- (1) “Homicide” means the killing of a person by another.
- (2) “Person”, when referring to the victim of a homicide, means a human being who had been born and was alive at the time of the homicidal act.
- (2.5) One in a “position of trust” includes, but is not limited to, any person who is a parent or acting in the place of a parent and charged with any of a parent's rights, duties, or responsibilities concerning a child, including a guardian or someone otherwise responsible for the general supervision of a child's welfare, or a person who is charged with any duty or responsibility for the health, education, welfare, or supervision of a child, including foster care, child care, family care, or institutional care, either independently or through another, no matter how brief, at the time of an unlawful act.
- (3) The term “after deliberation” means not only intentionally but also that the decision to commit the act has been made after the exercise of reflection and judgment concerning the act. An act committed after deliberation is never one which has been committed in a hasty or impulsive manner.
An act committed after deliberation is never one which has been committed in a hasty or impulsive manner. However, the length of time required for deliberation is not long. All that is required for deliberation is enough time in which to form the intent to murder someone.2
Example: Joe lives in a dangerous neighborhood. One evening he goes out, carrying a gun in his waistband for self-protection. While he is walking down his street, he gets into a heated argument with his neighbor Kurt. Kurt provokes Joe, who pulls out his gun and uses it to hit Kurt in the head, thereby committing an assault in the heat of passion.
However, even as Joe pistol-whips Kurt, the argument escalates. Finally, Joe erupts. “I've had enough of your mouth,” he says. He cocks the pistol, aims it at Kurt's heart and pulls the trigger.
Even though the beating itself was not premeditated, and Joe wasn't carrying the gun with malicious intent, Joe may still be guilty of first-degree murder. A jury could find that his words to Kurt, as well as the act of cocking the gun and his aiming for Kurt's heart, show that Joe had sufficient time to deliberate his actions and form the requisite malice.3
The difference between first and second-degree murder is one of express malice, sometimes referred to as “extreme indifference,” “cold-bloodedness” or “aggravated recklessness.”
Express or universal malice is indicated by conduct showing an extreme lack of care and concern for the value of human life generally. It is considered more blameworthy than other forms of killing and is, therefore, punished more severely.4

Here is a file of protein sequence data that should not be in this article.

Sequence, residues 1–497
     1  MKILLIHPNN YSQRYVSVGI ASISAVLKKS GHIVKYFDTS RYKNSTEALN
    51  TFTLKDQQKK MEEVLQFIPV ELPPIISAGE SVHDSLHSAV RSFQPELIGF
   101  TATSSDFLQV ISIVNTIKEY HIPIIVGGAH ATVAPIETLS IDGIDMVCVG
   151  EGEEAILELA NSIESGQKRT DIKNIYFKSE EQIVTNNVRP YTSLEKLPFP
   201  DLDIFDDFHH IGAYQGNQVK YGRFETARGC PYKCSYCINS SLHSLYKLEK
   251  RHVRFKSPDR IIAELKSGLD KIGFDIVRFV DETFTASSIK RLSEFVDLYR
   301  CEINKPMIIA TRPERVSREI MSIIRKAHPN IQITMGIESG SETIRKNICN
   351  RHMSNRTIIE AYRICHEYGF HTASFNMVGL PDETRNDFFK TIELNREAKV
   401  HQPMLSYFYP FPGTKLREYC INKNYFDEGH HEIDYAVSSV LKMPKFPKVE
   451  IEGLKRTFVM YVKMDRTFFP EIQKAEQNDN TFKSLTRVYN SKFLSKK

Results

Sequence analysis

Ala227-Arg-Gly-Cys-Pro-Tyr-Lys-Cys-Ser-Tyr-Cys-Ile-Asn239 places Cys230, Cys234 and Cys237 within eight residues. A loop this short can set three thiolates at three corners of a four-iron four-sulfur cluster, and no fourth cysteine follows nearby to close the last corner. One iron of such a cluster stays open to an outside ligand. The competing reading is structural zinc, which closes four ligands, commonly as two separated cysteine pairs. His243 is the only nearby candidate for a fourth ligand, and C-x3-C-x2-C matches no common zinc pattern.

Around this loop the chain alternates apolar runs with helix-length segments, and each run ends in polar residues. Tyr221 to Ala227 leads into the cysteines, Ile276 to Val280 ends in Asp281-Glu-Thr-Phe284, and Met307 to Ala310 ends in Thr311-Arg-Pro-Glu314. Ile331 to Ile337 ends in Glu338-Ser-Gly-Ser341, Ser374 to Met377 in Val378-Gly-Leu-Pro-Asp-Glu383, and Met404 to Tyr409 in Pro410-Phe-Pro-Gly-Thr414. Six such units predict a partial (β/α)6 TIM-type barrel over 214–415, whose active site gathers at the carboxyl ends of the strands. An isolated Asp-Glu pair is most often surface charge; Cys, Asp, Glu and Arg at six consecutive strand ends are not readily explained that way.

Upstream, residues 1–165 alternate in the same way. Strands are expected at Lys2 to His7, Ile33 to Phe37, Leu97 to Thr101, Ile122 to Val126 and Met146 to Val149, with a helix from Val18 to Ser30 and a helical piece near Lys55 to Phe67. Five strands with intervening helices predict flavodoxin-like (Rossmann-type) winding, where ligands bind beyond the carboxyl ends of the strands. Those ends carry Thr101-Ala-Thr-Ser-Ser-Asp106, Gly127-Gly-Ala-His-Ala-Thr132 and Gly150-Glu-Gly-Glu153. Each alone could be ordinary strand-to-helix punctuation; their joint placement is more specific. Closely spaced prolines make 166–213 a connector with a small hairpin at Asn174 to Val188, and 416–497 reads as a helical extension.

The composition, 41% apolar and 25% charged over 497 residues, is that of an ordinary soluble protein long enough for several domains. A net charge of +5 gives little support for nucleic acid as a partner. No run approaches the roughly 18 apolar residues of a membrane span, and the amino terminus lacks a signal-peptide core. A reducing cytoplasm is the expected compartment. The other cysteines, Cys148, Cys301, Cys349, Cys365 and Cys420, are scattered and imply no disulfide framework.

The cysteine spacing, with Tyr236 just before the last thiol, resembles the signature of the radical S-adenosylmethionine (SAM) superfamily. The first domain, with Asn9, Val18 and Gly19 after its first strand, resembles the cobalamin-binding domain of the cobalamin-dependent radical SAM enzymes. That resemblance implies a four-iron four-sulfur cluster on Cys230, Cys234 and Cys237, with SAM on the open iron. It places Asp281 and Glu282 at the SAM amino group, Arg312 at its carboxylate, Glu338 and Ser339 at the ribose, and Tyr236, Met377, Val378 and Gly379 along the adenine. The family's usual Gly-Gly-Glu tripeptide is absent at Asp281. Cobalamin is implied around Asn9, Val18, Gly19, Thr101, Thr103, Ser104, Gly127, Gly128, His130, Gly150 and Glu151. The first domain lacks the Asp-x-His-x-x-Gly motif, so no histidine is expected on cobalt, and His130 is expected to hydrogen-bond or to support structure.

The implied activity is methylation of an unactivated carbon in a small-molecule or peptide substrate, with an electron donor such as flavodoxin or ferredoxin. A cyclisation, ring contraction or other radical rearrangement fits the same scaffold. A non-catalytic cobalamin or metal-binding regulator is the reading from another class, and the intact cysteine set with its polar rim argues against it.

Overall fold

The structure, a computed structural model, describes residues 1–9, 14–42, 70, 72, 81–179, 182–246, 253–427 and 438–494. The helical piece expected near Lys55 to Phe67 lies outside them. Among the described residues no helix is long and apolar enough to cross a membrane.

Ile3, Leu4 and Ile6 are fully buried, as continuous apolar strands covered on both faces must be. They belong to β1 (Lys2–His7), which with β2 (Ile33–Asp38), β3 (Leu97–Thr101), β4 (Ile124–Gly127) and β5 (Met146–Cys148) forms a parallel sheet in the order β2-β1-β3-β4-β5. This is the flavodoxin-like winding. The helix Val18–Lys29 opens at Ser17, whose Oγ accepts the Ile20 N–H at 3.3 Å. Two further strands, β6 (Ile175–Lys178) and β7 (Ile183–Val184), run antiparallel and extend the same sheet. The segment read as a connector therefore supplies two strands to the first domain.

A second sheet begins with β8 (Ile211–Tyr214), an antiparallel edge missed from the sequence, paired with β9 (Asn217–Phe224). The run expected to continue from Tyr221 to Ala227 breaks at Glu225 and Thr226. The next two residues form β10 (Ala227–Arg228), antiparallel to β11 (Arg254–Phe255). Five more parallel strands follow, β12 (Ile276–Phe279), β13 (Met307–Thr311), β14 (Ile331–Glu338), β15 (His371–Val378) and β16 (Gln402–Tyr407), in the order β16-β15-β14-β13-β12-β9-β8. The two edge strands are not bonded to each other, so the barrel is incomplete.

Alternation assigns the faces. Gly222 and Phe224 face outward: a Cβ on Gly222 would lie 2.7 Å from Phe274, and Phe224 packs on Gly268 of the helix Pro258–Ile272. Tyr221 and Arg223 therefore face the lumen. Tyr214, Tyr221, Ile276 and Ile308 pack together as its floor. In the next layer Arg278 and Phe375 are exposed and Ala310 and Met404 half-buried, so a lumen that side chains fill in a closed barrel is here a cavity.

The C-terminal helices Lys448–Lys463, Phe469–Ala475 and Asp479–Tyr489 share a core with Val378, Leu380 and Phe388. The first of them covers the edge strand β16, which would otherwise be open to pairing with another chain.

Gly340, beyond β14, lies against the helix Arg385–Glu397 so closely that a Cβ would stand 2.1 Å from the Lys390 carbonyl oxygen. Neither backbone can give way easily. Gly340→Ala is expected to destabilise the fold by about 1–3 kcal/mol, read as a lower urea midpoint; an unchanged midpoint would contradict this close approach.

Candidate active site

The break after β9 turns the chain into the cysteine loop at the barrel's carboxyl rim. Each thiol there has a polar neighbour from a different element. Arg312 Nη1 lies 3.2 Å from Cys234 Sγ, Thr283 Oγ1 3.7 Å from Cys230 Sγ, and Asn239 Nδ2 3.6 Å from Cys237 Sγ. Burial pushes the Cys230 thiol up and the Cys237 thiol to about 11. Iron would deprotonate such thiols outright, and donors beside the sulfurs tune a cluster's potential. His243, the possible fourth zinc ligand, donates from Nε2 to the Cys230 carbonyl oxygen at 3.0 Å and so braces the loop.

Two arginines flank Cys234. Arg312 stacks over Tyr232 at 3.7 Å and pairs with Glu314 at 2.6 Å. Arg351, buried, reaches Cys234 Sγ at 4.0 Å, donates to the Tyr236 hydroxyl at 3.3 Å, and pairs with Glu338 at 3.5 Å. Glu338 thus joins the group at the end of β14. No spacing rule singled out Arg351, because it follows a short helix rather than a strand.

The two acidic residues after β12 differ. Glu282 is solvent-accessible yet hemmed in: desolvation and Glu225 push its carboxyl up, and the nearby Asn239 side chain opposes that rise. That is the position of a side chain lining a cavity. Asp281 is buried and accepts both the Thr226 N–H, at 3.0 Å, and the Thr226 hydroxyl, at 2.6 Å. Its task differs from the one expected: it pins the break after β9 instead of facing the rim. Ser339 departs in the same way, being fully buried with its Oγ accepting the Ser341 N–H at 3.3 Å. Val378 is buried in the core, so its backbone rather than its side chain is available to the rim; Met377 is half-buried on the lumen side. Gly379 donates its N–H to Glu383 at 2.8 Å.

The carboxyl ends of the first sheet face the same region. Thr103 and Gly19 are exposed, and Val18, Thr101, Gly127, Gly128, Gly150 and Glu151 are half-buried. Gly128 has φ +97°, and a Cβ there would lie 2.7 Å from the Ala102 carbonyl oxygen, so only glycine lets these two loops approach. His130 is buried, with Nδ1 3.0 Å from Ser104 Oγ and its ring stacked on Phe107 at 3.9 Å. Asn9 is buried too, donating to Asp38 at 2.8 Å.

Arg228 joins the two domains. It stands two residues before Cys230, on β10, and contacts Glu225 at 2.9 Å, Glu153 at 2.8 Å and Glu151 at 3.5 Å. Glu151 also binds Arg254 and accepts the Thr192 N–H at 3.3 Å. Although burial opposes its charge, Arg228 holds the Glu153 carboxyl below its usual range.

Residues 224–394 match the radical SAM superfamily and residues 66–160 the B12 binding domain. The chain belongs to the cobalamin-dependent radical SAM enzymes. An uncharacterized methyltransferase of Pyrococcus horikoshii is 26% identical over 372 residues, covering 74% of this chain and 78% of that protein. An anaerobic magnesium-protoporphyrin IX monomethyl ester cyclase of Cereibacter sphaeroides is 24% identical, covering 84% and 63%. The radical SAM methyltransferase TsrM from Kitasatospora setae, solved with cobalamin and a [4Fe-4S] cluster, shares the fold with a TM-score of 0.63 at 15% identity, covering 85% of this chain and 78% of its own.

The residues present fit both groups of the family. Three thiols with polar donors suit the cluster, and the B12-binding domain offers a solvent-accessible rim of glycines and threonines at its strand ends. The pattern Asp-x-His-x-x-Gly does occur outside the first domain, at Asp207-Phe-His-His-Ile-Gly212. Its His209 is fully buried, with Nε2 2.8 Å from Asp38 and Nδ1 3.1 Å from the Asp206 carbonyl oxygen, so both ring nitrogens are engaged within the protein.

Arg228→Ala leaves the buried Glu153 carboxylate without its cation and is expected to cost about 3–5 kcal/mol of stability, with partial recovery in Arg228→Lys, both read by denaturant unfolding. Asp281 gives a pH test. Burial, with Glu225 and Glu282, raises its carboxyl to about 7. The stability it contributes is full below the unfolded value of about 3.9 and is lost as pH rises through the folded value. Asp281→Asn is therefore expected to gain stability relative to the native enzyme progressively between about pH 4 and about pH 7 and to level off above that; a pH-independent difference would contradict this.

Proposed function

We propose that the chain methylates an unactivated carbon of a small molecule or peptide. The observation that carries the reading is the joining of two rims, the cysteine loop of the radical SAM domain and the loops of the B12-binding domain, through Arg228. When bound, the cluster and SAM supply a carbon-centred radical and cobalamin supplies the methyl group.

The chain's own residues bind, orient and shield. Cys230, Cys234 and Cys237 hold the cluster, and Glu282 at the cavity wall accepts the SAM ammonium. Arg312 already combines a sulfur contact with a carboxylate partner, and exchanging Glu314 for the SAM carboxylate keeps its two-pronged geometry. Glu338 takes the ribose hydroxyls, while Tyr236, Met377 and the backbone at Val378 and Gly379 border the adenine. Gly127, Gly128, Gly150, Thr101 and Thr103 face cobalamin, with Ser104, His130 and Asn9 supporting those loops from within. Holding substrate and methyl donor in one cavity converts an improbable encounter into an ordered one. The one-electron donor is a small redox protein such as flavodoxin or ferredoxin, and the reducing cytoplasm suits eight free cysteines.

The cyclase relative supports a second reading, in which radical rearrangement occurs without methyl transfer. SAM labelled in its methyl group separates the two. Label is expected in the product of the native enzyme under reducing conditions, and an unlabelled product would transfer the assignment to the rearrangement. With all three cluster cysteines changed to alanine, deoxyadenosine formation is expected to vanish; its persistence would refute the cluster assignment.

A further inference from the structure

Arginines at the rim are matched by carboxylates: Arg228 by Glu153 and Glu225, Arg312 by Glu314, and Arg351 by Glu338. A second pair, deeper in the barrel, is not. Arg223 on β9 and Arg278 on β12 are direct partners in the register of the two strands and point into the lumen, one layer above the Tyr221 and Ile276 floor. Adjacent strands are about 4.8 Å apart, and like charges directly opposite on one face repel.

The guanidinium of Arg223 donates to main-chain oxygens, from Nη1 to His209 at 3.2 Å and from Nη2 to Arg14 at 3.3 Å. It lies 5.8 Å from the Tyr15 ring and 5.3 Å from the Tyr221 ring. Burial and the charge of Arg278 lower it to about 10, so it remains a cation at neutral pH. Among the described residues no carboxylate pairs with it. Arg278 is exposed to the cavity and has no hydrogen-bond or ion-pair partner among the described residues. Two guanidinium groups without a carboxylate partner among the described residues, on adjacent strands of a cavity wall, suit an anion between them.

Example: Lee's gang gets into a fight with another gang. Later that night, Lee decides to shoot up the house where two of the rival gang members live. So he drives by and sprays the house with from an assault rifle and the mother of the two gang members, who is inside at the time, is killed. Because Lee did not intend to kill the mother, but rather acted with an extreme indifference to the lives of anyone who might be inside the house, a jury could find Lee guilty of first degree murder.5
Generally, malice is implied only when a homicide is committed by use of a deadly weapon or instrument in a manner likely to result in death.
Fists and feet are not usually classified as deadly weapons since they are not likely to produce death under ordinary circumstances.
Thus where death results from an attack made with hands and feet only on a healthy adult, the law will not usually find malice, because ordinarily, death would not result from a beating.
However, where the victim is particularly vulnerable – for an instance a young infant or an enfeebled older person – bare hands can be considered a deadly weapon.
Usually extreme indifference is an inference for the jury to make based on the evidence. An exception is the “felony murder” rule.
You are considered by law to have acted with extreme indifference to human life if someone dies during the commission or attempted commission of certain felony crimes – even if you did not personally kill the person or you acted without actual malice, deliberation, or premeditation.
The crimes to which Colorado's felony murder rule applies are:
- sexual assault, and
- class 3 sexual assault on a child (that is, sexual assault involving force, serious threats, or a pattern of sexual abuse).